Reposted with permission from i-Italy.
They waited in line for over an hour, sometimes even fighting over precedence — students and housewives, politicians and pensioners, all anxious to pay a last salute to Umberto Eco, who died Feb. 19 at age 84.
At the funeral ceremony Tuesday in front of the Castello Sforzesco in Milan, his wooden casket was blanketed in wildflowers. Professor Eco lived in a bookshelf-lined, roomy apartment in a palazzo nearby with his wife of fifty years, Renata. His last words, she has related were, “I am shutting into myself like a hedgehog” (Mi sto chiudendo come un riccio).
Memories of Eco — echoes of Eco, one might say — continue to come pouring out. Speaking for the entire Eco family at the ceremony was 15-year-old grandson Emanuele, who thanked Nonno Umberto for, among other things, “the stories you told me, the books we read, the crossword puzzles we did together, the music we listened to, the trips we took. I’m so proud to have had you for a grandfather.” For comic actor Roberto Benigni, a longtime close friend of Eco (and who elegantly declined to speak at the funeral Tuesday), “There was nothing special about him. But when he he arrived everything became special: he brought a light, a wind, that was good for the whole world.”
Another special moment came in China, where young people were flocking to hear Eco speak but, once inside the auditorium, there were only old people because the Chinese authorities seemed to fear that Eco would contage their youth with rebellion. Why? Consider the implications of the words of another friend, Moni Ovadia.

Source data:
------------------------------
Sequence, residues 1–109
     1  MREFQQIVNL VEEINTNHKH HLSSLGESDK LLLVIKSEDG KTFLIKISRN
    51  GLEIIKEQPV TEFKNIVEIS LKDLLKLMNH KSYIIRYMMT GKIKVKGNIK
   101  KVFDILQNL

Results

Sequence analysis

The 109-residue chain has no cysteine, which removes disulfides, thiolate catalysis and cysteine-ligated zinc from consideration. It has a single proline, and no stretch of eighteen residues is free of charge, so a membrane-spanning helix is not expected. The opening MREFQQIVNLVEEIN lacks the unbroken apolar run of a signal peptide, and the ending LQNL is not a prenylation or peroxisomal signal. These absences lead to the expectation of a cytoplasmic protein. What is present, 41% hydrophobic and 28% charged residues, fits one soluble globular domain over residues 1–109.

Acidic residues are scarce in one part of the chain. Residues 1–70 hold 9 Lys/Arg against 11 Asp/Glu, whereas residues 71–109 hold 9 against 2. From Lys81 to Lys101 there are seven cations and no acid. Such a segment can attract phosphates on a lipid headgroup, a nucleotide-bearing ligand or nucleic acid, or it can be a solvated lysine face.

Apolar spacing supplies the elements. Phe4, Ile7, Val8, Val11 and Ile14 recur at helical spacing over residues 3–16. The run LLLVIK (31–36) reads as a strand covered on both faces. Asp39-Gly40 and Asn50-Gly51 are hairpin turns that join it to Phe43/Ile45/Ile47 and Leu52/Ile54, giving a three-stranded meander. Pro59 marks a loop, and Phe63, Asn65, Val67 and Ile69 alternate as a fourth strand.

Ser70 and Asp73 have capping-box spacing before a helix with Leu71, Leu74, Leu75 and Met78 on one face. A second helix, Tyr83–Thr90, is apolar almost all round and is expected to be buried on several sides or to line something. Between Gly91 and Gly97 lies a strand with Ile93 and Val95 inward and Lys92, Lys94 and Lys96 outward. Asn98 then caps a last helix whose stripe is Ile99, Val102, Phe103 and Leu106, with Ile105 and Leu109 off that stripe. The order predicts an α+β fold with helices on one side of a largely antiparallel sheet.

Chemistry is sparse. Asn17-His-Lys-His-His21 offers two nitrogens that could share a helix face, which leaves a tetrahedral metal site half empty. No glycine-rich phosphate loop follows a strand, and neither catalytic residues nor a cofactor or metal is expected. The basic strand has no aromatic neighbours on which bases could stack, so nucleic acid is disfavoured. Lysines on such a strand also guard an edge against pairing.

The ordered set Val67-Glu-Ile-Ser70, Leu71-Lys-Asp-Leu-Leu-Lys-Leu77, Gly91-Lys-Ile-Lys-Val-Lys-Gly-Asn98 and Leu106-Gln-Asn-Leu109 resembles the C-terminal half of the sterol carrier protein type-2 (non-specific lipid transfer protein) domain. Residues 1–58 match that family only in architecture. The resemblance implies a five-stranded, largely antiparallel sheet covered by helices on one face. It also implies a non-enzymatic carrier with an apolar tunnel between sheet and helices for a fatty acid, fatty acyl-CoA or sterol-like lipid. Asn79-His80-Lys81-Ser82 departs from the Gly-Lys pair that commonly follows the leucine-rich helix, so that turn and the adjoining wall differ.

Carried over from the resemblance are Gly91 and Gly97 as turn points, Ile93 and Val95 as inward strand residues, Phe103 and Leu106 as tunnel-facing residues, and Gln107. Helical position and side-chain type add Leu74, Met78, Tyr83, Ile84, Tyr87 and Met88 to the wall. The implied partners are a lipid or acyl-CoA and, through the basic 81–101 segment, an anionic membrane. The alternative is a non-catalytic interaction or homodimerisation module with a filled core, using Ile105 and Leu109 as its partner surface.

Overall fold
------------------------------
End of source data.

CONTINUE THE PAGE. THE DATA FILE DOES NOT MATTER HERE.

The Bulgarian actor living in Italy told a joke in Yiddish that no one seemed to understand (so write the Milan reporters there), but ended his salute to Eco with an ironic, “The God who puts up with the believers and who loves us atheists blesses you.”
Eco was remembered as so high spirited that his friends at the funeral said they were intermittently weeping at his loss and laughing their heads off at his memory.
He was endlessly ironic himself, saying back in 2011 that he absolutely “hated” his first and best-selling novel because whenever one of his five successive books appeared, sales of The Name of the Rose bounced up. “The others were better but the strange phenomenon was that every time you have a new book out sales of the old one go up. The ones after were better, but people reason that, ‘Well, I haven’t read the first so I should start with that.’ And of course the old one costs only half…”
Journalist Francesco Merlo recounts that in Eco’s country house in the Marches he and his wife kept a puppet theater which they had begun for the grandchildren, but which gradually acquired a life of its own, with performances for friends that became political satire. Among the puppets: Pope John Paul II. At home in Milan, near the famous Trivulzio Library, his two children, Stefano and Carlotta, grew up sharing space with their father’s 30,000 or so books, carefully placed into a labyrinth of bookcases but also in piles here and there on the floor.
When Eco was already very ill, his friend Merlo also recalled, the semiologist walked with a cane for support but also because “it was a sign of command.” Eco showed no sign of remorse, no regrets: “To get old is beautiful,” Eco once told him. In another interview, this devoted to the phrase “to die laughing,” about laughter and God, Eco had also said this: “Laughter does not save man from death. But it helps.”